The Sausage McMuffin is a sausage patty, a slice of American cheese on a toasted English Muffin. It has 370 calories (190 from fat), 21 grams of fat, and 790 mg of sodium.

A 12-ounce coffee and 2-ounce Hash Browns have 150 calories (80 from fat), 9 grams of fat, and 310 mg of sodium.

"Early Show" recipes galore!

$1 sounds like a great deal, but is it the best way to start your day?

As we have all heard, breakfast is an important meal to fuel us throughout the day and, says the Department of Agriculture, 80 percent of us eat breakfast). Fast food is convenient. But it's not necessarily the best, or healthiest way to begin your day. Plus, if you load up on fast food, you'll likely be hungry in two hours, and probably refueling.

So, Gibbons put together some better options at the same price point.

Healthier Alternatives that Won't Break the Bank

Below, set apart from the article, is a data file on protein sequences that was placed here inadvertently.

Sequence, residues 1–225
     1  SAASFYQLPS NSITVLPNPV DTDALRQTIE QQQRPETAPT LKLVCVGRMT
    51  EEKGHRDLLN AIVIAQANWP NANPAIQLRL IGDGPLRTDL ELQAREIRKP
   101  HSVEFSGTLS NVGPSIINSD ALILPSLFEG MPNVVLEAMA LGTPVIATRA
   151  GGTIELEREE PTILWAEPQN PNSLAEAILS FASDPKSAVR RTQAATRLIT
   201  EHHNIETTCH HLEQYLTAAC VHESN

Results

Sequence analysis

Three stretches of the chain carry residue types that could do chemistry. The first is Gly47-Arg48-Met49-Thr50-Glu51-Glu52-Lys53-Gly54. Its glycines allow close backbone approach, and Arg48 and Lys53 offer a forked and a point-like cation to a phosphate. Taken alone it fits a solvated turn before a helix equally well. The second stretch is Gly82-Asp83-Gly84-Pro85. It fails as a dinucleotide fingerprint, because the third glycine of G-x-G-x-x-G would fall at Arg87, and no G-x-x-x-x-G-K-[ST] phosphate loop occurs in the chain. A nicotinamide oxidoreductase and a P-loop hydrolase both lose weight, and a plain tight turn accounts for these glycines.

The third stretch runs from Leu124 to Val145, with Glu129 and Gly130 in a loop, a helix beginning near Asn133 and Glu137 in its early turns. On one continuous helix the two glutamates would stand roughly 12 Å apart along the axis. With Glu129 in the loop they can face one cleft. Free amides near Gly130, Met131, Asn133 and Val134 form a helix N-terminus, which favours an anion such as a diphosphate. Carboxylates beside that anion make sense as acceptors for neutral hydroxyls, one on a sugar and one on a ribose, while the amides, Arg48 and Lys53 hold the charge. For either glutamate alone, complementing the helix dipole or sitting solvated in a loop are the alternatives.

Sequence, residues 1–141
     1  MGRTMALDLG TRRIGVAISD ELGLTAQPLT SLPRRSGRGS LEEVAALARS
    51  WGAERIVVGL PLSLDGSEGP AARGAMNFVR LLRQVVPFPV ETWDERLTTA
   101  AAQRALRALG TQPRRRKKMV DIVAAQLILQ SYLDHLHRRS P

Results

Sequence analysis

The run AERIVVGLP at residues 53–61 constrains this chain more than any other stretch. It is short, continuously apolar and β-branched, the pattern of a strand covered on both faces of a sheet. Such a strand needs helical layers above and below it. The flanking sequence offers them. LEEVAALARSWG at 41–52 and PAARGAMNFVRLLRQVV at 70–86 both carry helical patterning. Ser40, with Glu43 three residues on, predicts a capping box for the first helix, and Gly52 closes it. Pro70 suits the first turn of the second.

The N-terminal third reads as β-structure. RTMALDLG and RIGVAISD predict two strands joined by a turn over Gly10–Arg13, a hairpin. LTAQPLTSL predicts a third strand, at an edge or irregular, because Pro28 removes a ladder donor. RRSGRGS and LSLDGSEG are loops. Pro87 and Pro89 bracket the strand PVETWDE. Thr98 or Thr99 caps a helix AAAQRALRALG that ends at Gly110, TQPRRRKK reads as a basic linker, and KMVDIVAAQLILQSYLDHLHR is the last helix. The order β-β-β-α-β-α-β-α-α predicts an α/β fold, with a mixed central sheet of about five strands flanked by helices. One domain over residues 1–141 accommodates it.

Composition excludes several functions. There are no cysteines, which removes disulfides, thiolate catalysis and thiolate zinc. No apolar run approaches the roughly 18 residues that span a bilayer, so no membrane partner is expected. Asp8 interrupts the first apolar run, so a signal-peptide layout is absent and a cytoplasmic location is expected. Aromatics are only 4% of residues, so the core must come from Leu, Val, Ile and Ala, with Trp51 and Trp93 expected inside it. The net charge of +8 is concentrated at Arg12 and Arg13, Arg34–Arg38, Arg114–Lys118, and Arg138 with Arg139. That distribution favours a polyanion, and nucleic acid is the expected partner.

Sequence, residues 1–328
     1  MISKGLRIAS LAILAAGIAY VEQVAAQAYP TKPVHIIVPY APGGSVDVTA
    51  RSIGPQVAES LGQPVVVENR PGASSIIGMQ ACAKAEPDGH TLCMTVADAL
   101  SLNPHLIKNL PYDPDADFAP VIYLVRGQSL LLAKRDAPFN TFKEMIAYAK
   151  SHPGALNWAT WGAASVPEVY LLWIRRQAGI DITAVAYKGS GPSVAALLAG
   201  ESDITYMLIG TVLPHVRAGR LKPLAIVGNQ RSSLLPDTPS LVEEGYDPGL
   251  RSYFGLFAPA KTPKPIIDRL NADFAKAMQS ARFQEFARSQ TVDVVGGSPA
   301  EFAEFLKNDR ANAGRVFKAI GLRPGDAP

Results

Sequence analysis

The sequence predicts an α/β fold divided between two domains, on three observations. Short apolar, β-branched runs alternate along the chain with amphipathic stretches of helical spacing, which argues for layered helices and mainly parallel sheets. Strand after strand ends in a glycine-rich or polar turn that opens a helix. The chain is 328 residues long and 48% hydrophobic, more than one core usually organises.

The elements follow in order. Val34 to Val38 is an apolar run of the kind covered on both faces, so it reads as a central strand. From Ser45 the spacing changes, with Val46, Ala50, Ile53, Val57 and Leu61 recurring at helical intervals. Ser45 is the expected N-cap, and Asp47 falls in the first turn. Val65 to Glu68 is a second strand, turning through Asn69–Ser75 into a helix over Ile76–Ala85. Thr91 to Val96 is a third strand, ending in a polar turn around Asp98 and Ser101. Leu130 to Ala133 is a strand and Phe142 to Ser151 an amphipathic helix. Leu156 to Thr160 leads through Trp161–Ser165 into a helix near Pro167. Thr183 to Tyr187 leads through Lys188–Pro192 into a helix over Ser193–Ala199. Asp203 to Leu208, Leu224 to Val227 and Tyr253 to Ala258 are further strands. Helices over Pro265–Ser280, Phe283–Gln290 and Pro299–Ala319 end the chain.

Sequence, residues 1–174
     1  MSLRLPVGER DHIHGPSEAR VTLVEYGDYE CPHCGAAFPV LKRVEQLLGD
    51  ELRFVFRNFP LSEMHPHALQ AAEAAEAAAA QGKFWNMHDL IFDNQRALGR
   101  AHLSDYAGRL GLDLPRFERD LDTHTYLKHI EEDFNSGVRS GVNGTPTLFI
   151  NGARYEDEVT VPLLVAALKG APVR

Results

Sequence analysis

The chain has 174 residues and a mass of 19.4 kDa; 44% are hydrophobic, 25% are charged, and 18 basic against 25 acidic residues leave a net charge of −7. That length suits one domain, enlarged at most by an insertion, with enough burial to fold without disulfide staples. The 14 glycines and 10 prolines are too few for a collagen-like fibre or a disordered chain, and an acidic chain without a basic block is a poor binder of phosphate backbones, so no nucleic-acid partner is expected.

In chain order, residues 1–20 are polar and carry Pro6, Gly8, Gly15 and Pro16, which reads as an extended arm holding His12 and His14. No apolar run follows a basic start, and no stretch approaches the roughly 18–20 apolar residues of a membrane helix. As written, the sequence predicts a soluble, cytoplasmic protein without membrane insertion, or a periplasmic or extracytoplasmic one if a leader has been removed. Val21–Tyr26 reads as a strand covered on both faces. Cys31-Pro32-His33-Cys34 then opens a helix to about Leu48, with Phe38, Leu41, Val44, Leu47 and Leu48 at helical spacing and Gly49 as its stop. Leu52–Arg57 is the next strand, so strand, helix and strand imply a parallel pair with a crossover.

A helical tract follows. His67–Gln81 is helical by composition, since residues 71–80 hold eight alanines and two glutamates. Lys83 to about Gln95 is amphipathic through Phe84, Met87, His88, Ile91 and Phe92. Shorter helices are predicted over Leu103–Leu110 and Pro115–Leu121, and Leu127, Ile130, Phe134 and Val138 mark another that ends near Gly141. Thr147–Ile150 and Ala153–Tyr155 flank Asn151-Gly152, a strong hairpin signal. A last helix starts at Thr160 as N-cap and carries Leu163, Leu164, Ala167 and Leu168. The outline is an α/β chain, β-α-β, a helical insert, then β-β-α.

Gibbons spoke to a licensed nutritionist who told her proper breakfast fuel is very important. In fact, studies show kids who eat a proper breakfast do better in school. And breakfast is important to maintain a healthy weight. Many people believe that they will lose weight if they skip meals such as breakfast, but that just isn't true; the body expects to be refueled a few times each day -- starting with breakfast. In fact, people who eat breakfast are more likely to maintain a healthy weight. It also keeps your blood sugar in-check.

With that in mind, Gibbons assembled some healthy alternatives that are about one dollar -- and they don't require any culinary skill!


Oatmeal is an inexpensive power meal that is quick, easy and good for you. The nutritionist likes it, too, since you can vary it and change it according to your tastes. It's also high in fiber, low in fat and fills you up. It lowers your cholesterol, as well, and it's only 17 cents a serving (at Walgreens, it's $4 foe 18 ounces). It also gives you a serving of fruit, protein and carbohydrates.